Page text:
• Genesis 47:29-30 When the time drew near that Israel must die, he called his son Joseph and said to him, “Now if I have found favor in your sight, please put your hand under my thigh, and deal kindly and truly with me. Please do not bury me in Egypt, but let me lie with my fathers; you shall carry me out of Egypt and bury me in their burial place.” And he said, “I will do as you have said.”
  • Genesis 49:29-31 [Jacob] charged [his sons] and said to them: “I am to be gathered to my people; bury me with my fathers in the cave that isin the field of Ephron the Hittite, in the cave that is in the field of Machpelah, which is before Mamre in the land of Canaan, which Abraham bought with the field of Ephron the Hittite as a possession for a burial place. There they buried Abraham and Sarah his wife, there they buried Isaac and Rebekah his wife, and there I buried Leah.

Joseph sought to see his father and his own remains buried:

  • Genesis 50:4-5 Now when the days of his mourning were past, Joseph spoke to the household of Pharaoh, saying, “If now I have found favor in your eyes, please speak in the hearing of Pharaoh, saying, ‘My father made me swear, saying, “Behold, I am dying; in my grave which I dug for myself in the land of Canaan, there you shall bury me.” Now therefore, please let me go up and bury my father, and I will come back.’”
  • Genesis 50:25 Then Joseph took an oath from the children of Israel, saying, “God will surely visit you, and you shall carry up my bones from here.”

Joseph’s burial was so important the fulfillment of it is recorded twice:

  • Exodus 13:19 And Moses took the bones of Joseph with him, for he had placed the children of Israel under solemn oath, saying, “God will surely visit you, and you shall carry up my bones from here with you.”
  • Joshua 24:32 The bones of Joseph, which the children of Israel had brought up out of Egypt, they buried at Shechem, in the plot of ground which Jacob had bought from the sons of Hamor the father of Shechem for one hundred pieces of silver, and which had become an inheritance of the children of Joseph.

3. Choose burial over cremation, because burial is presented as a reward in the Old Testament.

Godly people were honored with burials, sometimes even extravagant ones:

  • Genesis 23:19 And after this, Abraham buried Sarah his wife in the cave of the field of Machpelah, before Mamre (that is,Hebron) in the land of Canaan.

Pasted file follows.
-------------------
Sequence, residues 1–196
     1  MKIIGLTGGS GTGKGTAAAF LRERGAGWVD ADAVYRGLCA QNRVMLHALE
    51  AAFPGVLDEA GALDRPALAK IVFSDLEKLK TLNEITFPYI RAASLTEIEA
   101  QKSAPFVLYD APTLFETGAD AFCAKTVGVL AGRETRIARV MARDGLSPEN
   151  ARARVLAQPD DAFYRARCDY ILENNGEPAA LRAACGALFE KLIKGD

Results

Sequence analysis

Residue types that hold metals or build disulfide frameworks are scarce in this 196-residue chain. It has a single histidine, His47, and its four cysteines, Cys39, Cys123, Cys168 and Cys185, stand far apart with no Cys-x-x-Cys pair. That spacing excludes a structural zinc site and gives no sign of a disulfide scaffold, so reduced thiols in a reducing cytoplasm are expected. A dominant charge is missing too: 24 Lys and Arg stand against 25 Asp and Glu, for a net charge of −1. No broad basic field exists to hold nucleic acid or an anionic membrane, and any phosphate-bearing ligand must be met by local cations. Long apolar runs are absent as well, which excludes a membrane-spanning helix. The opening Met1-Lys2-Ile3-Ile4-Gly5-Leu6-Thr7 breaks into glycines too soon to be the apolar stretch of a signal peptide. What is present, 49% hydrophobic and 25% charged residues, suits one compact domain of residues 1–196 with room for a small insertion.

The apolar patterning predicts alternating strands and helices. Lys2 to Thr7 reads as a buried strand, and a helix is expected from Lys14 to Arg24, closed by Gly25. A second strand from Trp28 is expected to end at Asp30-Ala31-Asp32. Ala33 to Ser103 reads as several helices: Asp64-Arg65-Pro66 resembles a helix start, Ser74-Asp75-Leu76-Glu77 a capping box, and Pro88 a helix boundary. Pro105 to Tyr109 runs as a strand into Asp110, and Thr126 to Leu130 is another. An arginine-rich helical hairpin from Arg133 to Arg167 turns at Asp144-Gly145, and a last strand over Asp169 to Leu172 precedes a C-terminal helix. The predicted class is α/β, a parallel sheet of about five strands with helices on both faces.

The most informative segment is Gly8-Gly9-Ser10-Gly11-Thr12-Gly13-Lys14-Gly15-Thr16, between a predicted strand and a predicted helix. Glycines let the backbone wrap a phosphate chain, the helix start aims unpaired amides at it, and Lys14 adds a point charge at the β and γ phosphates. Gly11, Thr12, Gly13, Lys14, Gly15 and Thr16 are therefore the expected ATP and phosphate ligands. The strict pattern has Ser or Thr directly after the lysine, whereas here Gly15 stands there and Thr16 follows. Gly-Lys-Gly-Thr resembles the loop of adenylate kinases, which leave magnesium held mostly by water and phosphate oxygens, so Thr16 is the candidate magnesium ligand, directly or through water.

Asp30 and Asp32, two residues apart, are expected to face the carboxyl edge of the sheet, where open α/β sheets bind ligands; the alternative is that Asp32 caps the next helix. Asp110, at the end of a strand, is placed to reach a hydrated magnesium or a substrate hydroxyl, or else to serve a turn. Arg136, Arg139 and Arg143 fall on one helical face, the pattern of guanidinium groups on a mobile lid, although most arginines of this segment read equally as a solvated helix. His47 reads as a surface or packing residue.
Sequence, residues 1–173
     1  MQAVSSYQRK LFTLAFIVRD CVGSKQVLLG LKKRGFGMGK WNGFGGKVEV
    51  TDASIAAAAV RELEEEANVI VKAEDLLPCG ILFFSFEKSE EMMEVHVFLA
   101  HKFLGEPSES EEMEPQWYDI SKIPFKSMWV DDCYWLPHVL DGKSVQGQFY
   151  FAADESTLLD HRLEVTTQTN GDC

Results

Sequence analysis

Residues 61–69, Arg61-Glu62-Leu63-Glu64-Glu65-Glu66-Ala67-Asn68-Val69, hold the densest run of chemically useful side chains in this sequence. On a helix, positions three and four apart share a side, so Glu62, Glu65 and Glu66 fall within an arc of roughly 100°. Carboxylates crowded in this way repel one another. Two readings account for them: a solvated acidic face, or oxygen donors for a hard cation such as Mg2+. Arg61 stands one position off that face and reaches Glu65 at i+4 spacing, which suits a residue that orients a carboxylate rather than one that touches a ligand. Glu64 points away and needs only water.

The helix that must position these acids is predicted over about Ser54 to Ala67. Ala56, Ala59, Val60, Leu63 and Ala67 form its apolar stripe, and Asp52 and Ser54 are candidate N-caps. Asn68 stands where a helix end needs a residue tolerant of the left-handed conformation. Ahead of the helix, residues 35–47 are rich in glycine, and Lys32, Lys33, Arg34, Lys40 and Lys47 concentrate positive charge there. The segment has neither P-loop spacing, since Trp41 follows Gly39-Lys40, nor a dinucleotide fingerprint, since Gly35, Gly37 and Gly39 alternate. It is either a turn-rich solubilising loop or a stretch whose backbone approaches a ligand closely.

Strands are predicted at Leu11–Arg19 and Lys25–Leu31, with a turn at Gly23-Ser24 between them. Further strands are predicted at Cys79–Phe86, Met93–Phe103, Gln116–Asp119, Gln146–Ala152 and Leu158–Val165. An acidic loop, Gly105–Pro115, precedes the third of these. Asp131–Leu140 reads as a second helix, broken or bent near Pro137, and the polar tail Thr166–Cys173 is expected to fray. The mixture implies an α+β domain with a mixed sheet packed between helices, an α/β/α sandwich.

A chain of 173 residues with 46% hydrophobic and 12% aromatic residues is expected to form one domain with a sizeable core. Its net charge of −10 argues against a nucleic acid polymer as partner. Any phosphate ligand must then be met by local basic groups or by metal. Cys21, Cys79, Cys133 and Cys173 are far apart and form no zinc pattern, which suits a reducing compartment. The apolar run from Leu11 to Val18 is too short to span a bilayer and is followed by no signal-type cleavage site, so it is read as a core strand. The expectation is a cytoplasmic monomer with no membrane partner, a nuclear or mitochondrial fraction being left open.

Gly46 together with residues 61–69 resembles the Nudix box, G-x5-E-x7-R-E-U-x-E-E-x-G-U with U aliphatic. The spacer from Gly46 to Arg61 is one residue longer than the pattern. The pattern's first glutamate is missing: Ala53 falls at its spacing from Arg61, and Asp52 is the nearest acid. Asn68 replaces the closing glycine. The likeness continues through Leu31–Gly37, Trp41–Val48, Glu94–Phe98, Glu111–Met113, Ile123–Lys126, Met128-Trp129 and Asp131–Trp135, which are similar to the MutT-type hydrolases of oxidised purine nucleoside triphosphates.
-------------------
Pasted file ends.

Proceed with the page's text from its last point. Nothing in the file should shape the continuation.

• Genesis 35:19 So Rachel died and was buried on the way to Ephrath (that is,Bethlehem).
  • When Joseph buried Jacob, he took his brothers, their families, and even Pharaoh’s officials: Genesis 50:6-9 And Pharaoh said, “Go up and bury your father, as he made you swear.” So Joseph went up to bury his father; and with him went up all the servants of Pharaoh, the elders of his house, and all the elders of the land of Egypt, as well as all the house of Joseph, his brothers, and his father’s house. Only their little ones, their flocks, and their herds they left in the land of Goshen. And there went up with him both chariots and horsemen, and it was a very great gathering.
  • 1 Kings 14:13 And all Israel shall mourn for [Jeroboam’s son] and bury him, for he is the only one of Jeroboam who shall come to the grave, because in him there is found something good toward the Lord God of Israel in the house of Jeroboam.
  • 2 Chronicles 16:14 They buried [Asa] in his own tomb, which he had made for himself in the City of David; and they laid him in the bed which was filled with spices and various ingredients prepared in a mixture of ointments. They made a very great burning for him.
  • 2 Chronicles 32:33 Hezekiah rested with his ancestors and was buried on the hill where the tombs of David’s descendants are. All Judah and the people of Jerusalem honored him when he died. 

4. Choose burial over cremation, because the Old Testament presents burning bodies negatively.

In the Old Testament cremation was a punishment for sin:

  • Leviticus 20:14 If a man marries a woman and her mother, it is wickedness. They shall be burned with fire, both he and they, that there may be no wickedness among you.
  • Leviticus 21:9 If a priest’s daughter defiles herself by becoming a prostitute, she disgraces her father; she must be burned in the fire.
  • Even though Judah was acting hypocritically when he learned Tamar “played the harlot,” in Genesis 38:24b he said, “Bring her out and let her be burned!
  • Following Achen’s sin he and his family were cremated: Joshua 7:25 And Joshua said, “Why have you troubled us? The Lord will trouble you this day.” So all Israel stoned him with stones; and they burned them with fire after they had stoned them with stones.

Zimri was an evil king of the northern kingdom of Israel, and it’s hard to find anything from his life worth emulating, including his death: 1 Kings 16:18 When Zimri saw that the city was taken, that he went into the citadel of the king’s house and burned the king’s house down upon himself with fire, and died.

King Josiah was one of the godliest kings in the Old Testament and he made two contrasting decisions that can be informative. First, the burning of human bones on an altar desecrated it. Second, the remains of a man of God were to be left buried:

2 Kings 23:16-20 As Josiah turned, he saw the tombs that were there on the mountain. And he sent and took the bones out of the tombs and burned them on the altar, and defiled it according to the word of the Lord which the man of God proclaimed, who proclaimed these words. Then he said, “What gravestone is this that I see?”

So the men of the city told him, “It is the tomb of the man of God who came from Judah and proclaimed these things which you have done against the altar of Bethel.”